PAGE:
Racial language is one of those soft taco phrases we see so much these days in which so much bullshit is wrapped up with a little lettuce and cheese of truth. Most every other author in 2014 writing popular fiction can be cited for this. And really, who does TDC think it’s kidding? Do they really think that we’ve never heard a derogatory term before or that if read one we’ll not know how to deal with it? This is not kindergarten.
In May of 2013, the unit where I am denied Elmore Leonard’s novel, “Pagan Babies,” citing racial language. This put the book on the DRC’s Denied list. It was un-appealable. In June of the same year, they denied his novels, “Valdez is Coming” and “The Big Bounce” for the same reason. Again, the DRC had these books on its Denied list and they were therefore un-appealable.
I’ve had more books, from art books to calendars to diaries, denied for sexually explicit images than I have fingers to count. This, of course, usually pertains to illustrations or photographs. In May of 2010 I had, at the unit level, a medical textbook concerning infectious granulomatous diseases denied for sexually explicit images. The unit mailroom was not concerned that this was a medical textbook, only that there was a (OMG!) naked body between its covers. It was, however, not listed with the DRC and therefore appealable. In June of 2010 the unit’s decision was overturned. The book was initially denied for two pages said to contain the forbidden images. When I finally received the book, I looked up those pages. One showed a close up of a woman with elephantiasis of the vulva. The other showed a photo of a man with some kind of drippy dick.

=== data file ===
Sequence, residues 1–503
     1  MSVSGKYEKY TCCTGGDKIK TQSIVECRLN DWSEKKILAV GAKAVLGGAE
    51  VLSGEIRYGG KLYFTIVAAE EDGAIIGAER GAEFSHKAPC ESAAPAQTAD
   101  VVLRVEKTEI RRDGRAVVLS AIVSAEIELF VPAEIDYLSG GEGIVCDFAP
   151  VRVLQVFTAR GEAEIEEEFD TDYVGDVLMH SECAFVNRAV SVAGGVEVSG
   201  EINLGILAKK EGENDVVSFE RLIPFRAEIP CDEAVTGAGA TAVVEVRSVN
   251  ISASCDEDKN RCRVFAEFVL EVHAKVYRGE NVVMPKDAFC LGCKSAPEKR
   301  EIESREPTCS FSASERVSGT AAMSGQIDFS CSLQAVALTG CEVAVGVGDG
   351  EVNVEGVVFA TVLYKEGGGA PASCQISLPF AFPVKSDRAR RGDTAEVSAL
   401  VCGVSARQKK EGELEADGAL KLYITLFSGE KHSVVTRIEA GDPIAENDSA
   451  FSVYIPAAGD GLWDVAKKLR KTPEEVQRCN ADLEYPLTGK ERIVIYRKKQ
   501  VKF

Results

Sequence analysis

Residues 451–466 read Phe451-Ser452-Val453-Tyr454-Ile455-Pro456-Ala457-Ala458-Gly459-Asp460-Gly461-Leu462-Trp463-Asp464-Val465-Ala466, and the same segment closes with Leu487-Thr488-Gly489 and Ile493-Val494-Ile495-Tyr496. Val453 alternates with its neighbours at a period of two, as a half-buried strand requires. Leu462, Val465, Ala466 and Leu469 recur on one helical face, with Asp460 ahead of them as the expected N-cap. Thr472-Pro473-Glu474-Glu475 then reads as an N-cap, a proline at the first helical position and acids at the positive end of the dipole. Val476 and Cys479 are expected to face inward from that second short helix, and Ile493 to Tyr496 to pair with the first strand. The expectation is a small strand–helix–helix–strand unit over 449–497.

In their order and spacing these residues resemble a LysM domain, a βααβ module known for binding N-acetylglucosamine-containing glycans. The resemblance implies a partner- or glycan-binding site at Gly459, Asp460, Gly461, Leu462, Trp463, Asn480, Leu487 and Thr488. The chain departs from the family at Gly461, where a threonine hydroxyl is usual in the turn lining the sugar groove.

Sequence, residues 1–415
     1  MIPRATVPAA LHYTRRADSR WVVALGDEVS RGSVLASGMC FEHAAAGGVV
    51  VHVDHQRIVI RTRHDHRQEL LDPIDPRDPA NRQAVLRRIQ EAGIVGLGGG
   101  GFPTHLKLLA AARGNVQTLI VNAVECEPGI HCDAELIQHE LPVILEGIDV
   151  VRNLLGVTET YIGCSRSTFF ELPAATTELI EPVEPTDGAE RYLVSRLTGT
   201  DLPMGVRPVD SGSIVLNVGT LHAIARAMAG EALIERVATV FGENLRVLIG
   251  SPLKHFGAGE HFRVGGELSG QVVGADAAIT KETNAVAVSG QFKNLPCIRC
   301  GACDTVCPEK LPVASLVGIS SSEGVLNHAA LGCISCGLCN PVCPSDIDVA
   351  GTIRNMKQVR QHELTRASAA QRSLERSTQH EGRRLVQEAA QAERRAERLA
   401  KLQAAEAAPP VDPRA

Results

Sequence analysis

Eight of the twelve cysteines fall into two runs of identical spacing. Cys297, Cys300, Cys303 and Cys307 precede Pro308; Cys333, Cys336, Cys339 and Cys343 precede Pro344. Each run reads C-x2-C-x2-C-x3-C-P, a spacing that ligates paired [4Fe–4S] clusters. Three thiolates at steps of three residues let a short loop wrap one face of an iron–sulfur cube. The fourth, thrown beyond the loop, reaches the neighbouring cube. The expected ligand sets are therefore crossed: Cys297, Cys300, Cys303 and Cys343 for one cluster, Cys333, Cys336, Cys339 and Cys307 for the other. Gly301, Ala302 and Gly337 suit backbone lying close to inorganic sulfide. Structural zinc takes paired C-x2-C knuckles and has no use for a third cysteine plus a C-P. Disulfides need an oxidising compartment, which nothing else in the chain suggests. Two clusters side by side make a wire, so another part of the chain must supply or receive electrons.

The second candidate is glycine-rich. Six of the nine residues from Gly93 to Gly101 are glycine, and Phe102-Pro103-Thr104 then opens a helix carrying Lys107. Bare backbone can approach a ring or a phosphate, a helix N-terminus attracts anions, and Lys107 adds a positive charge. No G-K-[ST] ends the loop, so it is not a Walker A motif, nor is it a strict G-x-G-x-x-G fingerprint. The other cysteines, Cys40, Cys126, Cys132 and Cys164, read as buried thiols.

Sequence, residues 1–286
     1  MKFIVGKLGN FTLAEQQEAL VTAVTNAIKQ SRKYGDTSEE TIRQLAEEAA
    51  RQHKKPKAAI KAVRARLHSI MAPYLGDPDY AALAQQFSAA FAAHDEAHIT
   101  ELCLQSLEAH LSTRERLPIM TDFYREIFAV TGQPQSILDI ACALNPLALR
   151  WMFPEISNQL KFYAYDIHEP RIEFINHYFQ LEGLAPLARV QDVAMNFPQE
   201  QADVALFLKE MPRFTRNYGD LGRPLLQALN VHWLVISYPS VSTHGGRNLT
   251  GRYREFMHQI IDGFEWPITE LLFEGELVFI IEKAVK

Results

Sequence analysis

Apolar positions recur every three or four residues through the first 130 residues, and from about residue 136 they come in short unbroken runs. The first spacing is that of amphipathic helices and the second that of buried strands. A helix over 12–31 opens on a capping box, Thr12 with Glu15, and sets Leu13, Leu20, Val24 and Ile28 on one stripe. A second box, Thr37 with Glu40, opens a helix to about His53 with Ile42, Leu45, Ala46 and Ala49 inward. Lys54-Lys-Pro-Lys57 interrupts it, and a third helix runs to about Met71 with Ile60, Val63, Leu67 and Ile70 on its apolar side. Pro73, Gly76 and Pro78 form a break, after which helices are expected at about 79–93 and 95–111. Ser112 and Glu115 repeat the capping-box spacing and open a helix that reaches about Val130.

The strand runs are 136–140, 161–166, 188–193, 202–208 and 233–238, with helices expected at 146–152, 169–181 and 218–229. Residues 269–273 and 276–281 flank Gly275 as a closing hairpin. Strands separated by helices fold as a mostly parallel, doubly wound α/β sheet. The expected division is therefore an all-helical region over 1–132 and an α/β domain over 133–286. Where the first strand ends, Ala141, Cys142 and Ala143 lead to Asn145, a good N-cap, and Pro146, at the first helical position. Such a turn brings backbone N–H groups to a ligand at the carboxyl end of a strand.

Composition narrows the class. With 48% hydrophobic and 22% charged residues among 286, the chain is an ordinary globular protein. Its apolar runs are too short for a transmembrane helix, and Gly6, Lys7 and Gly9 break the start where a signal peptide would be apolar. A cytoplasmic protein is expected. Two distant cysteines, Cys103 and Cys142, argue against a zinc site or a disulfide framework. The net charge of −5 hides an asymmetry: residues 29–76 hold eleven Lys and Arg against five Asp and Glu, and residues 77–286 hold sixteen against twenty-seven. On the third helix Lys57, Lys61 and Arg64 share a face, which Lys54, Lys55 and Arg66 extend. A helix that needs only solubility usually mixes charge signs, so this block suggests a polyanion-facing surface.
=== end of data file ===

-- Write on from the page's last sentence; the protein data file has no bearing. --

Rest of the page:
If this is the kind of thing that’s gilding your lily, brother, then there’s just no stopping you.
Sexually explicit images of a child should be pretty self-explanatory. But, of course, it’s not. In November of 2010, at the unit level, I was denied that month’s issue of Men’s Health magazine for this reason. What could it have been except a cutesy picture of some kid’s butt…like the old Coppertone ads? I mean, this is Men’s Health we’re talking about. The DRC upheld the unit’s decision.
Memoirs can be tricky. In June of 2011, I had Mary Karr’s memoir, “The Liar’s Club,” denied at the unit level because she writes of being molested as a young girl. I appealed to the DRC, but the unit’s decision was upheld. In September 2011, Jaycee Duggard’s memoir, “A Stolen Life,” was denied for the same reason. I had, however, inquired of its DRC status in August and was told that it was Not Listed. Yet by the time I received the book it had already been Denied. Un-appealable.
All of these books were denied, they said, for security reasons. Another meaningless phrase. Inmates in TDC have read whatever books they wanted to for years with no ill effects. No more than the ones the prison system itself inflicts on them. So why the change? What is TDC hoping to accomplish by doing this? Do they really feel that by censoring our reading material they can somehow make us into more moral prisoners? Or is it more sinister than that? Are these just the initial stages that precede a day when they are finally able to steal the very last of our personal liberties – the liberty to think what we want?
While serving time for burglary, J.S. Slaymaker assaulted two guards and received an additional 170 years in prison.
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J.S. Slaymaker #634548
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Gatesville, Texas 76597